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Economist predicts ‘super bull’ phase for global commodity prices

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By Maja Garaca Djurdjevic
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4 minute read

An economist believes commodities have passed the trough of their cycle and are entering a new, more bullish phase.

Global commodity prices are on an upswing, according to Paul Bloxham, chief economist at HSBC.

HSBC’s statistical model, COCCLES, indicates an increased probability of shifting from a “weak bull” to a “super bull” phase, despite high starting nominal prices.

The Bloomberg spot price index for commodity prices has risen by 11 per cent year-to-date, reflecting a broad-based pick-up, covering commodities like copper, gold, cocoa, and coffee. The trough in the index, in mid-February, was 41 per cent above its 2015–19 average, and the index is now 60 per cent above that average.

“The commodity index appears to be in an upswing,” said Bloxham, indicating several factors are contributing to this surge, including rising demand and supply-side constraints.

“Demand indicators have started to pick up as the global industrial cycle is turning more positive. Copper prices, which are often seen as a timely indicator of the industrial cycle, have picked strongly,” the economist said.

“The supply-side for commodity markets is constrained by persistent factors – including geopolitics, climate change and the energy transition – in what we have been calling a ’super-squeeze’.”

Although nominal commodity prices are high, Bloxham pointed out that in real terms – relative to the US Consumer Price Index (CPI) – commodity prices are around their historical average, meaning that commodities have maintained their value compared to other goods and services.

Breaking this down a bit further, Bloxham explained the recent surge in CPI inflation means that US dollars now buy fewer goods and services, but commodities have retained their purchasing power.

“Because we have not had high inflation for many decades, the effect is quite unfamiliar,” he said.

“But here’s the kicker. Because central banks target inflation, not the price level, it seems unlikely that the price level will return back to down to its previous trend any time soon. Commodity prices too may therefore stay at a new higher nominal level,” Bloxham added.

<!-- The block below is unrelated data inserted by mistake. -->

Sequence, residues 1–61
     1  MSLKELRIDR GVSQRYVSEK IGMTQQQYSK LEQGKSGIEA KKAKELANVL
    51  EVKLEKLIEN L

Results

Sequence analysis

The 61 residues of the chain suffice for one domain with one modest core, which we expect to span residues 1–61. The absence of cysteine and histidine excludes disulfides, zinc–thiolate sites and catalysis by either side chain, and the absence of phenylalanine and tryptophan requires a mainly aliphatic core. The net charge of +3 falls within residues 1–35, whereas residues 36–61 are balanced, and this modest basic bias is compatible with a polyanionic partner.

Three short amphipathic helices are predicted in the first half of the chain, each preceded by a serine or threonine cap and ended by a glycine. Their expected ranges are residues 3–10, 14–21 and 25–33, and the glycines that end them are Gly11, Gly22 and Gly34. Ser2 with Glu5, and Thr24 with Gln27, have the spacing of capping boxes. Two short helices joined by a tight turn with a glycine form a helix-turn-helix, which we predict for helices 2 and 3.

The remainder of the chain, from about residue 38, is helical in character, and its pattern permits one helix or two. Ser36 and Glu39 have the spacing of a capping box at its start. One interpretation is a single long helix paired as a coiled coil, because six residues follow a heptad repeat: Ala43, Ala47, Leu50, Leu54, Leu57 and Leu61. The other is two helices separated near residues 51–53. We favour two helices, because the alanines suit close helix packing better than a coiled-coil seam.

Expounding on gold, he said gold prices have reached new all-time highs in nominal terms and remain above average in real terms. As a store of value and a hedge against inflation, gold has outperformed the broader commodities basket in maintaining real value.

Looking ahead, Bloxham said sustained high commodity prices have different implications compared to the early-2000s’ China-demand-driven “super-cycle”. According to him, the current dynamics are primarily due to supply squeezes and a higher general price level.

In addition, he noted, the general price level is now higher than it was – so commodity prices may also stay higher than they were as relative prices matter.

“Different drivers mean different implications for growth, inflation and interest rates. As we have noted before, if commodity prices stay high, they are likely to contribute to the ’sticky’ inflation challenge.”

In a recent note, AMP’s Shane Oliver examined the surge in both gold and metal prices, noting that gold has surged 19 per cent over the past year, while copper has risen by 35 per cent.

While Oliver noted that several factors have driven the surge in gold prices, including Chinese official buying to diversify reserves away from US dollars, increased Chinese retail demand, and safe-haven buying due to geopolitical risks, he emphasised that the rally in gold is not occurring in isolation.

“If gold was just going up on its own it may be more concerning from a geopolitical perspective. But it’s also gone up with shares over the last year suggesting that its benefitting from the broader anticipation of lower interest rates ahead which lowers the opportunity cost of holding gold and pushes it higher – and had setbacks with shares whenever expectations around rate cuts have been questioned – like into last October, in April this year and over the last week,” Oliver said.

“It’s a similar story with bitcoin. That the surge in the gold price has occurred at the same time as a surge in copper prices and metal prices generally is also consistent with the view that its being helped by the anticipation of lower interest rates.”

Turning to the strength in metal prices, he said it too is consistent with the nascent rebound in Chinese shares suggesting a potentially better outlook for Chinese growth on the back of increasing government stimulus measures.

Ultimately, Oliver said if gold and metals have further to go, it’s a positive sign for the Australian dollar and Australian resources shares.